What is Waitemata Woodys all about?
We provide a meeting point for owners and devotees of classic wooden boat. We seek to capture the growing interest in old wooden boats and to encourage and bring together all those friendly people who are interested in the preservation of classic wooden vessels for whatever reason, be it their own lifestyle, passion for old boats or just their view of the world.
We encourage the exchange of knowledge about the care and restoration of these old boats, and we facilitate gatherings of classic wooden boats via working together with traditionally-minded clubs and associations.
Are you a Waitemata Woody?
The Waitemata Woodies blog provides a virtual meeting point for lovers of classic and traditional wooden boats. If you are interested in our interests and activities become a follower to this blog.
The Vessels Featured
The boats on display here (yes there are some yachts included, some are just to drop dead stunning to over look) require patrons, people devoted to their care and up keep, financially and emotionally . The owners of these boats understand the importance of owning, restoring and keeping a part of the golden age of Kiwi boating alive. The boats are true Kiwi treasure to be preserved and appreciated.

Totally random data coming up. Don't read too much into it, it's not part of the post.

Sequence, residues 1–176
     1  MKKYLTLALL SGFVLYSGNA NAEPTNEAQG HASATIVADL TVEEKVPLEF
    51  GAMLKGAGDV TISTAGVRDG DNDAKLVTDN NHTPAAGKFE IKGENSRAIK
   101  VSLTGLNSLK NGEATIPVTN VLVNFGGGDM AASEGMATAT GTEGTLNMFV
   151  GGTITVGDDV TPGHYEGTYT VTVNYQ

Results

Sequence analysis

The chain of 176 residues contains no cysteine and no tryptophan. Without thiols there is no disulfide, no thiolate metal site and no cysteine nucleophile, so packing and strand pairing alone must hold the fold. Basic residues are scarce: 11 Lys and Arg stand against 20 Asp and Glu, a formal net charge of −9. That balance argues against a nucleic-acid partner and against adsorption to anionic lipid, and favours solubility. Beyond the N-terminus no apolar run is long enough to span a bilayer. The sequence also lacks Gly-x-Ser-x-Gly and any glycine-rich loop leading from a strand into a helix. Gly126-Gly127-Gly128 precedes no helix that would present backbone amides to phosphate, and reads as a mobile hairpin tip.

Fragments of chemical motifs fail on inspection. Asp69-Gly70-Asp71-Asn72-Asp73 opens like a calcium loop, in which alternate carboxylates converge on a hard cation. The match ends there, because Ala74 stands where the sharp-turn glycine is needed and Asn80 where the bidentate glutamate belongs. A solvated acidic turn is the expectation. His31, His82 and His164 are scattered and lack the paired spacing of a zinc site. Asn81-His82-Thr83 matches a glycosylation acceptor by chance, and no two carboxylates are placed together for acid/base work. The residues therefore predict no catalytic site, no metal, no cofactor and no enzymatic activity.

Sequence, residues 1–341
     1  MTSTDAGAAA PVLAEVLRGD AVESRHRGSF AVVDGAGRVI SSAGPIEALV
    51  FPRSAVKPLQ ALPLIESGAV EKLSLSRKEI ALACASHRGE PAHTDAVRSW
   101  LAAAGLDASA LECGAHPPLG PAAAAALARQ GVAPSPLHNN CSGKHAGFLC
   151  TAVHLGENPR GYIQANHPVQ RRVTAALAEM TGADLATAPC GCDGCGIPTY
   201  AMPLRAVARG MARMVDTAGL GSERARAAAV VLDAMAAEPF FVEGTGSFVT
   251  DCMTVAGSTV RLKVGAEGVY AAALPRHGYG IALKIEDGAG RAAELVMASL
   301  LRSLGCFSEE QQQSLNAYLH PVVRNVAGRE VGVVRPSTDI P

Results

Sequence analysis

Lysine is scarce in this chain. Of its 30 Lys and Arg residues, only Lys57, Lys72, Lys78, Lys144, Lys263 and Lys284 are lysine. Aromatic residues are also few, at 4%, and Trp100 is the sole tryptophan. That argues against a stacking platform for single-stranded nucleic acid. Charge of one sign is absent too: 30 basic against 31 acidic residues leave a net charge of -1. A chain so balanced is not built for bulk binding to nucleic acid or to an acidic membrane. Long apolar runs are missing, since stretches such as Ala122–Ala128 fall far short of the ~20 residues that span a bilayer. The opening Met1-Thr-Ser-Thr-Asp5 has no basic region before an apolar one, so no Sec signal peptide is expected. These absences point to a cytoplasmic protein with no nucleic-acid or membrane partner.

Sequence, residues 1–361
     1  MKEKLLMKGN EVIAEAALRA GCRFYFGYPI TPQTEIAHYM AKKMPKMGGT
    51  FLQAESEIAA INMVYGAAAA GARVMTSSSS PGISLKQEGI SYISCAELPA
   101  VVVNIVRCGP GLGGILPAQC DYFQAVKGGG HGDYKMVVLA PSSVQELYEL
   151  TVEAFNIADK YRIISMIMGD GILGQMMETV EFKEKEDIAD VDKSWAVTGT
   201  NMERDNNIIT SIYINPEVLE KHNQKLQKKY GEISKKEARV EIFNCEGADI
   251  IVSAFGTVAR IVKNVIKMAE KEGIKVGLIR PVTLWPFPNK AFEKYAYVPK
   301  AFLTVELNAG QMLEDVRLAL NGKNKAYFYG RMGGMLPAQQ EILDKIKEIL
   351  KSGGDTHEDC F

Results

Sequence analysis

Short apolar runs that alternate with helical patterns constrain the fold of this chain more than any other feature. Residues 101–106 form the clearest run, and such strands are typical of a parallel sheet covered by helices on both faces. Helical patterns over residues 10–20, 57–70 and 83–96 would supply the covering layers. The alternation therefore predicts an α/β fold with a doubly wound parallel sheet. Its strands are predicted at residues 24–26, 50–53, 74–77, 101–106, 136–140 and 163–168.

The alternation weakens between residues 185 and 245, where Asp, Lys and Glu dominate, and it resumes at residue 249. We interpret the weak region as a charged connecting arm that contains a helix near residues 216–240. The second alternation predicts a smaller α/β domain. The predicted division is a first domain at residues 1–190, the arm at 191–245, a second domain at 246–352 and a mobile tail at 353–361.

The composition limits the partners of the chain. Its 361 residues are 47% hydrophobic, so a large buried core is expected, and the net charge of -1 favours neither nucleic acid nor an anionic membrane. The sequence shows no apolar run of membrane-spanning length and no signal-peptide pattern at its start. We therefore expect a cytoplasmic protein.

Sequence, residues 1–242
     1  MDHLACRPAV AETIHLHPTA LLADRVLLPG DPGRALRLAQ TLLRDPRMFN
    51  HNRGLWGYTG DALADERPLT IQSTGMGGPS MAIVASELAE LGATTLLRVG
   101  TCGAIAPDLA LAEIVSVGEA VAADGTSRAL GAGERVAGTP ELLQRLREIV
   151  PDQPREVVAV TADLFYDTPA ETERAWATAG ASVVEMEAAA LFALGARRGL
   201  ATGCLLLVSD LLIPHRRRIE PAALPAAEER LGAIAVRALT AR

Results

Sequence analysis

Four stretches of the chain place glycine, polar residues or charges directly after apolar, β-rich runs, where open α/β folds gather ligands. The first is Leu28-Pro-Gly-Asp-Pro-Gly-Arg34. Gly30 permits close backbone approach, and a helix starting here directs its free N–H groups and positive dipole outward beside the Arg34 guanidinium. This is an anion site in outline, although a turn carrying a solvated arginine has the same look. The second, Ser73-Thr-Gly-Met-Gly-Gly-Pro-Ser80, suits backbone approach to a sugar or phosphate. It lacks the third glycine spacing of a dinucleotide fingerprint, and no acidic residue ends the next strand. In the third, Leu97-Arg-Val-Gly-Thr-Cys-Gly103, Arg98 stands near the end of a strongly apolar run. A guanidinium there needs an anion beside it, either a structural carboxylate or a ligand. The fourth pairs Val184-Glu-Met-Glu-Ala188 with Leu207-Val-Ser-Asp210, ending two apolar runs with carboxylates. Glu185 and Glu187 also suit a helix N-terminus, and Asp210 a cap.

The photo gallery above of the 1903 Charles Bailey Jnr. yacht Oyster comes to us from her new Wellington owner – Gavin Pascoe’s fb page. Gavin recently sailed her back from Lyttelton to Wellington. Gavin is one of the leading lights at the uber cool Wellington Classic Yacht Trust, so Oyster is a very lucky woody to be in such safe hands.
Most of the photos are from her early days in Wellington c.1920’s>1930’s. The cover of the NZ Yachtsman magazine is dated August 10th 1912 and shows her in Nelson. Oyster is 32’ in length, with a 9’ bean and draws 3’ (she is a centre-board ketch).
Photo below taken by Andrew McGeorge of Oyster in Lyttelton just prior to her departure north.
JACK LOGAN WOULD BE HAPPY Back in November 2020 we reported that Lake Rotoiti boatbuilder Alan Craig (Craig Marine) had taken on the restoration of the 1956 Jack Logan built 17’ clinker cabin run-about – Sea Spray. The WW link below will show you the boat as Alan received it. https://waitematawoodys.com/2020/11/14/sea-spray/
I can report that Alan’s yard are well under way with the project, as you can see in the above photos, once the reciprocating saw comes out there’s no turning back. Alan commented that most ribs were repaired and structure added. Her shape was pretty bad, had a chine in it almost. A few planks to replace on the bottom then into the cabin. Looking forward to following this project – just need to keep reminding Alan to send in the updates 🙂
If the old sign in a brokers window and a thumbnail photo in a monthly brochure isn’t working for you – contact the Wooden Boat Bureau – there are 2 simple differences between the Wooden Boat Bureau and other boat brokers:
1. We actually sell classic boats.
2. We have a list of buyers wanting to buy a classic wooden boat